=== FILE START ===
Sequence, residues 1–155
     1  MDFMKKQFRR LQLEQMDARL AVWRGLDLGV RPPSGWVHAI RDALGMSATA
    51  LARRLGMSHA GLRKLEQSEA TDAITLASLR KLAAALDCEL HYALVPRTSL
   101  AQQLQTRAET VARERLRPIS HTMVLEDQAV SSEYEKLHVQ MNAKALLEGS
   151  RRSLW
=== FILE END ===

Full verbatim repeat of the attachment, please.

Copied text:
Sequence, residues 1–155
     1  MDFMKKQFRR LQLEQMDARL AVWRGLDLGV RPPSGWVHAI RDALGMSATA
    51  LARRLGMSHA GLRKLEQSEA TDAITLASLR KLAAALDCEL HYALVPRTSL
   101  AQQLQTRAET VARERLRPIS HTMVLEDQAV SSEYEKLHVQ MNAKALLEGS
   151  RRSLW